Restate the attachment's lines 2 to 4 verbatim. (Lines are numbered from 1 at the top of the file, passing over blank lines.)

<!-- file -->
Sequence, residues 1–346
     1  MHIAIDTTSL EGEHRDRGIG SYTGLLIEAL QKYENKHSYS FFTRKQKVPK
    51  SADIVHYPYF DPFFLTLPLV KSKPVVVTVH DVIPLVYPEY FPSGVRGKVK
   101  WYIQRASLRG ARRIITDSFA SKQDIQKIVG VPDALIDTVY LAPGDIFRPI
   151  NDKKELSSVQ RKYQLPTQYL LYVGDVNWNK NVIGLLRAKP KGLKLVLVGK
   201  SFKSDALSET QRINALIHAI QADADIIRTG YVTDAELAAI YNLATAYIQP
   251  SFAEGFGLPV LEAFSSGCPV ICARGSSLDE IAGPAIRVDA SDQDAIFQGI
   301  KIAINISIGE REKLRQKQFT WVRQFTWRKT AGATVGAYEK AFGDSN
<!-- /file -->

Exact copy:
     1  MHIAIDTTSL EGEHRDRGIG SYTGLLIEAL QKYENKHSYS FFTRKQKVPK
    51  SADIVHYPYF DPFFLTLPLV KSKPVVVTVH DVIPLVYPEY FPSGVRGKVK
   101  WYIQRASLRG ARRIITDSFA SKQDIQKIVG VPDALIDTVY LAPGDIFRPI